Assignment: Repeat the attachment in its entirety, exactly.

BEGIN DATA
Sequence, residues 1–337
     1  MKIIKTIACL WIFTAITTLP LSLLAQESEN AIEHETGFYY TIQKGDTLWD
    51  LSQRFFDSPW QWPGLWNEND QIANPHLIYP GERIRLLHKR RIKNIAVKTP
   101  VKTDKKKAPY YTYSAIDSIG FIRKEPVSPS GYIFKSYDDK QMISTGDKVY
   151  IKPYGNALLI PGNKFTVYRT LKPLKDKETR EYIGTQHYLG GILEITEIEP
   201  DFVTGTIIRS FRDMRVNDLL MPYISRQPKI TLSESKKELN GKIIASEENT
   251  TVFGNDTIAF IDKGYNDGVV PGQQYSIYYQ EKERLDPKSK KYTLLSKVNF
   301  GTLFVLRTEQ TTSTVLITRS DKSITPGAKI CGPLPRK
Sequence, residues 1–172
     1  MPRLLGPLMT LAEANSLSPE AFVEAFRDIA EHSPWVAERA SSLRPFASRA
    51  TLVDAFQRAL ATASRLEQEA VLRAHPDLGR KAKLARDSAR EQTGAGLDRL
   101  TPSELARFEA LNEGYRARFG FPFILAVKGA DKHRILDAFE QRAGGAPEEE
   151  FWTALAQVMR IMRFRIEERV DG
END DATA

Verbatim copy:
Sequence, residues 1–337
     1  MKIIKTIACL WIFTAITTLP LSLLAQESEN AIEHETGFYY TIQKGDTLWD
    51  LSQRFFDSPW QWPGLWNEND QIANPHLIYP GERIRLLHKR RIKNIAVKTP
   101  VKTDKKKAPY YTYSAIDSIG FIRKEPVSPS GYIFKSYDDK QMISTGDKVY
   151  IKPYGNALLI PGNKFTVYRT LKPLKDKETR EYIGTQHYLG GILEITEIEP
   201  DFVTGTIIRS FRDMRVNDLL MPYISRQPKI TLSESKKELN GKIIASEENT
   251  TVFGNDTIAF IDKGYNDGVV PGQQYSIYYQ EKERLDPKSK KYTLLSKVNF
   301  GTLFVLRTEQ TTSTVLITRS DKSITPGAKI CGPLPRK
Sequence, residues 1–172
     1  MPRLLGPLMT LAEANSLSPE AFVEAFRDIA EHSPWVAERA SSLRPFASRA
    51  TLVDAFQRAL ATASRLEQEA VLRAHPDLGR KAKLARDSAR EQTGAGLDRL
   101  TPSELARFEA LNEGYRARFG FPFILAVKGA DKHRILDAFE QRAGGAPEEE
   151  FWTALAQVMR IMRFRIEERV DG